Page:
The Genteel
December 1, 2020


Ulyana Sergeenko at Milan Fashion Week 2013. Source:

In just three couture collections - featured alongside big-shot couture houses such as Chanel and Armani Privé, and a star-studded front row fashion designers dream about - photographer-cum-fashion-designer Ulyana Sergeenko has captured Russia's most prevailing cultural elements: the Orthodox church, military, royalty, peasants and fairytales. However, it would seem that these designs have been built upon irony so sharp that much of the fashion industry has overlooked it.

ulyana sergeenko autumn winter 2013 2014

Ulyana Sergeenko A/W 2013-14.

For Sergeenko, the patchwork of cultural references within her work is of particular importance. "I just want to be a Russian designer. We have a very rich culture. I would love to show to all the world what great history we have[.] I can take and take and take; we have really a lot of things to take from our history," confessed Sergeenko to's reporter, Nicole Phelps. Indeed, it would appear that when you buy Sergeenko's designs, you are also buying a slice of patriotism.

"Women in Russia were once starved for luxury, and when we finally had access to it, we consumed it a lot. [Now] we are ready for something new, we know that luxury needn't equate [to] gold and diamonds," she explained after her Spring 2013 show to Alice Pfeiffer at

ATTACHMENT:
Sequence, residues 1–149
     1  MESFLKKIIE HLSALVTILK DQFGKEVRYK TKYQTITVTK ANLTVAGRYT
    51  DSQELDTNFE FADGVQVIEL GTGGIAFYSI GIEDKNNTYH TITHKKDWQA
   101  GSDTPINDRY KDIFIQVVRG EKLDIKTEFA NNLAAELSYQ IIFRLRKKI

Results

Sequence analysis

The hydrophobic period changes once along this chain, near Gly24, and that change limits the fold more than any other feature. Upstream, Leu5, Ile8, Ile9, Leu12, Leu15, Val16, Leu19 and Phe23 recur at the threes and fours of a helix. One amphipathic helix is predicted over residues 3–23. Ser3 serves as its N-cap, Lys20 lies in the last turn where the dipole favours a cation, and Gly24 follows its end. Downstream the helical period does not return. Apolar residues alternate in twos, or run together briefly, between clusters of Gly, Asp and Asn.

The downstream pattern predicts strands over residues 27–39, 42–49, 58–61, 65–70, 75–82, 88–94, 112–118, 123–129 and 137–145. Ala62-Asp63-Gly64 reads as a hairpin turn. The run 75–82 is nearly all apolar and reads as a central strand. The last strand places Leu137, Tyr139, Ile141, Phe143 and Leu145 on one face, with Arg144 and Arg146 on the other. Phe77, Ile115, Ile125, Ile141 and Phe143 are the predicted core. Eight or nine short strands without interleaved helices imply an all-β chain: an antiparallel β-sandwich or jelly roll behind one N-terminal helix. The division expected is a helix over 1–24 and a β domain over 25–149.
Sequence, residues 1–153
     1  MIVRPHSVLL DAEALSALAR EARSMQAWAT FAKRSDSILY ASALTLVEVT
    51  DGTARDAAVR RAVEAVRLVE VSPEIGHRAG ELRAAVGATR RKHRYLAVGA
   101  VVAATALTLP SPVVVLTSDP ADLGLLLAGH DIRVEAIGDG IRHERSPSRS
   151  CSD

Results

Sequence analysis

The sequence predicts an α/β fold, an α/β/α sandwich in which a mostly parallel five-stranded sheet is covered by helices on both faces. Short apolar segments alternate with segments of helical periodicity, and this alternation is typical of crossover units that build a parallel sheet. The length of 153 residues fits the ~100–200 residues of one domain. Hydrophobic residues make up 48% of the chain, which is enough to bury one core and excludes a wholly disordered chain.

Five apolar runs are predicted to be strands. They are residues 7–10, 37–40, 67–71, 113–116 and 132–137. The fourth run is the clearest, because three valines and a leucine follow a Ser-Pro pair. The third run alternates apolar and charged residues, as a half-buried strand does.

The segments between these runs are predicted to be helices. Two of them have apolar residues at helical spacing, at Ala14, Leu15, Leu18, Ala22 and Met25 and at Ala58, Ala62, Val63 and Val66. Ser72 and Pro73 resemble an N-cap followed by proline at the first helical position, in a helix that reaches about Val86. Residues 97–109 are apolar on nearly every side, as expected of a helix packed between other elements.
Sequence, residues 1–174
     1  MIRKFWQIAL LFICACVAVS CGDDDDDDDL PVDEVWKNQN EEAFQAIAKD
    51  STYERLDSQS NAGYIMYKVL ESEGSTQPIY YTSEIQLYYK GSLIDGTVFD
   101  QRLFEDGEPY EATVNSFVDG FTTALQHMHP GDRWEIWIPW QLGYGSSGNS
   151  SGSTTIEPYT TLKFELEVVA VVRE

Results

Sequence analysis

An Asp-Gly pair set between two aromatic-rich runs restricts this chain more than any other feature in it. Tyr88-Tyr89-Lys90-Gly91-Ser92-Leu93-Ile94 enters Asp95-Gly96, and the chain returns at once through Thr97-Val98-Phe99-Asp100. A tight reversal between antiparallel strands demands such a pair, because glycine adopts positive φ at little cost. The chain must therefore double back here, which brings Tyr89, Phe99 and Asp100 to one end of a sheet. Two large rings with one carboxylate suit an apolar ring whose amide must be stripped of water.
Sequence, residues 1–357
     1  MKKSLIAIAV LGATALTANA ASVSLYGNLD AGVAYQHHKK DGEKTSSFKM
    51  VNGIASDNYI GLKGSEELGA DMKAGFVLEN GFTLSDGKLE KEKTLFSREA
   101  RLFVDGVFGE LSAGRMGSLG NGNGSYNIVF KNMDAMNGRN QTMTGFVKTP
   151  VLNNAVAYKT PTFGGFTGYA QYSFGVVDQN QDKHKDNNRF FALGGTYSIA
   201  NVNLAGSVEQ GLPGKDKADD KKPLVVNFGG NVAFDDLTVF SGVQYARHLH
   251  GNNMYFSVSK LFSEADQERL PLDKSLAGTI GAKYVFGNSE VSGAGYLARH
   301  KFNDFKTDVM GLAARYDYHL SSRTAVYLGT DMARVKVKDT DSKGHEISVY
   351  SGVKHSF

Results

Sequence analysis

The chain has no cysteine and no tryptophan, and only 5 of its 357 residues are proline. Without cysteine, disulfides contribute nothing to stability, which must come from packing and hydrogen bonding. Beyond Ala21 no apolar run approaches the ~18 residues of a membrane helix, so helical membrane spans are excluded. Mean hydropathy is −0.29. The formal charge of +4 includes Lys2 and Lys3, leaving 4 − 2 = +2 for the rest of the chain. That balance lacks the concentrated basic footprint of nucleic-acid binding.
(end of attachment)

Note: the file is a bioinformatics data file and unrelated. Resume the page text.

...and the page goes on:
But, when it comes to her clothes, and ultimately her brand, Sergeenko explains, she hopes they "show the richness of Russian history and craft, and its delicacy." Sergeenko doesn't simply celebrate Russia, she is also interested in supporting the country: the Ulyana Sergeenko line is designed and produced solely in Russia.

Each of the cultural elements found within Sergeenko's work toys with nostalgia - they are indispensable to Russian history and heritage. She explains in an interview with AnOther Magazine, "For the latest collection [Spring Couture 2013], we were inspired by Medieval Russia. I am proud that we could use some of the traditional techniques that can be traced back to the Middle Ages. We also had Krestetsk embroidery."